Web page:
Tuesday’s game against Germany was yet another stark reminder of the troubling times our nation’s football faces – a direct consequence of the Premier League.
Back in August 1992, 177 players (73.1%) featuring in first-day Xl’s held English nationality, however this year that figure fell to 75 (32%). This decrease of over half has left the Premier League trailing significantly behind the rest of Europe when it comes to showcasing home-grown talent, which is particularly relative as England approach Brazil 2014, unseeded.
Focusing on finance
Premier League teams are over-relying on the services of overseas players and to some extent, understandably so. Imports are often considered more affordable; Stewart Downing (£20m – Liverpool), David Bentley (£19.5m – Spurs) and Andy Carroll (£36m – Liverpool) all fitting examples of what English talent costs. So buying abroad and deterring the development of youth talent – which can be costly and a gamble if no players succeeds – seems financially logical to many EPL clubs. So, the fact only 32% of players in the EPL are English, now begins to make sense.
Learning from England’s failure
The EPL‘s become the World’s greatest footballing product with; vast foreign talent, heavy financial backing, big rivalries and hugely competitive fixtures. Brazil, one of the World’s greatest-ever footballing nations, is desperate to reform its domestic league after decades of mismanagement. The CBF (Brazilian Football Confederation) has expressed their desire of not emulating the EPL structure for fear of weakening the national team. Toninho Nascimento, Brazil’s national secretary summing up the EPL simply with, “it’s a great league, but it’s very bad for the national team”. Fortunately for Brazil, their ability to churn out world-class footballers means they’re not only one of the best footballing nations, but also amongst the most entertaining. And with 93% of Brazilian’s making up the domestic leagues, it seems the CBF is happy to shun financial gain for the success of their national team. It’s worth noting that 10 of the 11 starting players that faced Chile Wednesday night are now playing in Europe. This alone highlights, that whilst Brazil’s elite are no longer playing in their home nation, the sizable numbers produced allows for greater choice and enhanced quality. This year, Brazil provided Europe’s 478 top-division sides with 515 players, almost double than the second biggest exporter, France.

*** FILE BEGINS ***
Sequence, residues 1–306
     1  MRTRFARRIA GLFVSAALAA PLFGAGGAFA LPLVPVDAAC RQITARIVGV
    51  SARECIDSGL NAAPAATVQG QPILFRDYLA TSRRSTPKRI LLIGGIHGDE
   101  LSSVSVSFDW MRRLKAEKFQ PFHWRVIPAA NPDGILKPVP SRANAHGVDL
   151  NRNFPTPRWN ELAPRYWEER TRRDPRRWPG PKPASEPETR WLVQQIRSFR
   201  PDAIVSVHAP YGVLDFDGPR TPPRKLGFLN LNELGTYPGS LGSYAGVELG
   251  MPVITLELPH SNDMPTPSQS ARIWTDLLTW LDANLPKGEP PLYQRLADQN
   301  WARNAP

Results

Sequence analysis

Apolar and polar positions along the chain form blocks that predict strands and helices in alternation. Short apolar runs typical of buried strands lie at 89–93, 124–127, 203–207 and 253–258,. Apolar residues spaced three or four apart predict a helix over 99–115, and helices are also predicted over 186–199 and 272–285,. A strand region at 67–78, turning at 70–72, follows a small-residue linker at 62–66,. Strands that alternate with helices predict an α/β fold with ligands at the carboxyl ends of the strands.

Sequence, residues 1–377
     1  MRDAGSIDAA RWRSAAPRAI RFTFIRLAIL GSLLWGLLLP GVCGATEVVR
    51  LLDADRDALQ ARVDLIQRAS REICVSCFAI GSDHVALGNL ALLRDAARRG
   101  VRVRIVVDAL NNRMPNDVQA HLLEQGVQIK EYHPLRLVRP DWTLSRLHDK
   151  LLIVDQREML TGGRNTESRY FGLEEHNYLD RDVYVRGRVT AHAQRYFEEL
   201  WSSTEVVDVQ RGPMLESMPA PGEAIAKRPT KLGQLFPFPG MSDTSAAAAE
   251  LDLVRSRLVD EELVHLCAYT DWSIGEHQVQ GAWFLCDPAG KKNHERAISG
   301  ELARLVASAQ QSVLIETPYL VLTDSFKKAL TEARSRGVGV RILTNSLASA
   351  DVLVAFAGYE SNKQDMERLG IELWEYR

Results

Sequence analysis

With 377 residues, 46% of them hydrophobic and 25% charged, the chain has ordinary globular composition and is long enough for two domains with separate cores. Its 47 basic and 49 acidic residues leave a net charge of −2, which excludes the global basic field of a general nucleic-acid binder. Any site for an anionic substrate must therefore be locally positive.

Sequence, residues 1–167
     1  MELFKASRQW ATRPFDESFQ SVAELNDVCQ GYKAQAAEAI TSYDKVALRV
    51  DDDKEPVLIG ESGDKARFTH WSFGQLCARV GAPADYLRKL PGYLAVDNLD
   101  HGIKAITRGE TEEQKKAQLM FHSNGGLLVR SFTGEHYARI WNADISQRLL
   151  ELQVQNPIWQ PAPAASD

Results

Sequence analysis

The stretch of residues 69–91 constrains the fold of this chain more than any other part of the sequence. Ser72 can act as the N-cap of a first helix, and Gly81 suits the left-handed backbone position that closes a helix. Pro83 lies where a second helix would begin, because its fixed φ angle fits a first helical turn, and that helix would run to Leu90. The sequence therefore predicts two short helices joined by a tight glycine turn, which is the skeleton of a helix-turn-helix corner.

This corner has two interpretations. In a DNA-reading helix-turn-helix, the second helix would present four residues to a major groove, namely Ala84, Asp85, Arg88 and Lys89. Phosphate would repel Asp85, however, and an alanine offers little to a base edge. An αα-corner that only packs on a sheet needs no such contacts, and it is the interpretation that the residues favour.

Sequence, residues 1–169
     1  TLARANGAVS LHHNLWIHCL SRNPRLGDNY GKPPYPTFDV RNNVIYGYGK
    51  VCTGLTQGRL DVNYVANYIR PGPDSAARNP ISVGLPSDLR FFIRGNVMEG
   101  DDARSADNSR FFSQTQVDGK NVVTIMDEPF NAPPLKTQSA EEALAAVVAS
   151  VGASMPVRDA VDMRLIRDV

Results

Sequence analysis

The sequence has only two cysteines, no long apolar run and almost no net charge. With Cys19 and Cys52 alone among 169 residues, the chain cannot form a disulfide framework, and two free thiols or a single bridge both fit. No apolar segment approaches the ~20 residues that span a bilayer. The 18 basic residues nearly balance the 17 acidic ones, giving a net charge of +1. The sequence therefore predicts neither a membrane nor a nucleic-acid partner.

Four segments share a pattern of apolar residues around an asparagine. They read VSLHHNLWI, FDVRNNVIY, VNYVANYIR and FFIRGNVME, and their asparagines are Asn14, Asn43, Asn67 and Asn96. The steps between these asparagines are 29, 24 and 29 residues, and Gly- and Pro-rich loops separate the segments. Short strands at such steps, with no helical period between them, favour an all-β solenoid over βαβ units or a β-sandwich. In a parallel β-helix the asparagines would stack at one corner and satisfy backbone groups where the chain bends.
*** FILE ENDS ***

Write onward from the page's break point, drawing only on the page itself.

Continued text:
You could argue that Brazil’s 200m population gives them a wider scope for talent in comparison to England (54m), but it’s incomparable to other successful footballing nations; Spain (46m) and Germany (80m). These numbers are further irrelevant when compared to Uruguay (3.2m) and Bosnia (3.6m) who qualified for Brazil next year. You could even look at Iceland – losing 2-0 to Croatia in Wednesday’s knockout match – whose population of 325,000 is microscopic compared to our own. So what does this mean in terms of creating rich home-grown talent? Well, nothing. The development of players, regardless of a country’s size, is fundamental to a nation’s success. Deny home-grown talent the chance to prosper – as currently experienced in England – then you run the risk of restricting growth.
The figures – league
Curious about the number of players still playing in their country of birth across Europe, I delved a little deeper.
England – (EPL) – 32%
Italian (Serie A)- 47%
Germany (Bundesliga, 1 and 2) 55%
Spanish (La Liga) 77%
It’s little surprise that La Liga has over twice as many national players compared to England’s 32% – a figure the FA’s aware of and continues to decrease season after season. Unfortunately, their inability to offer a worthwhile alternative to Greg Dyke’s recent commissioning programme is a huge worry for our national team and as mentioned in my blog last month, focus must be placed on defining the issues surrounding the development of youth in England. Particularly, if there’s any hope of increasing that 32%.
The figures – Champions’ League
In fairness to most Premier League teams, they’re desperate for overseas players because the standard of those coming through the English ranks isn’t good enough. This got me thinking about that 32% even further; particularly the number of players that represent clubs from their country of birth in European competitions.
Based on last Champions’ League round – number of starting Xl representing clubs from their country of birth
Man U – 3, Arsenal – 1, Chelsea – 2, Man City – 2
Barcelona – 5, Real Madrid – 4, Real Sociedad – 8, Atletico Madrid – 5
Juventus – 5, AC Milan – 4, Napoli – 1
PSG – 1, Marseille – 6
The Premier League finds itself in a situation whereby the top teams has very few English players actually competing with the rest of Europe’s elite. In fact, only 19% of players representing England’s teams in the last round of the Champions’ League were English, which if you compare to Spain’s 50%, is remarkable. English talent makes up over a third of players in the EPL, but these figures continue to dilute the further you head up the table, particularly with Arsenal, Man City and Chelsea.
The huge sums of money that rule the Premier League is all too visible, clubs are continually shunning undeveloped English talent in favour exports and it’s seriously harming any chance of England becoming a dominant footballing nation. The figures above suggest change is needed and fast, particularly as the current wealth of English talent is reaching its conclusion and the intended replacements just don’t cut it.
England’s national team is experiencing one of its most difficult to date; the current team will inevitably fail at next year’s World Cup and the lack of meaningful decisions coming from the FA is restricting youth development. But hey-ho, all in the name of the Premier League, right?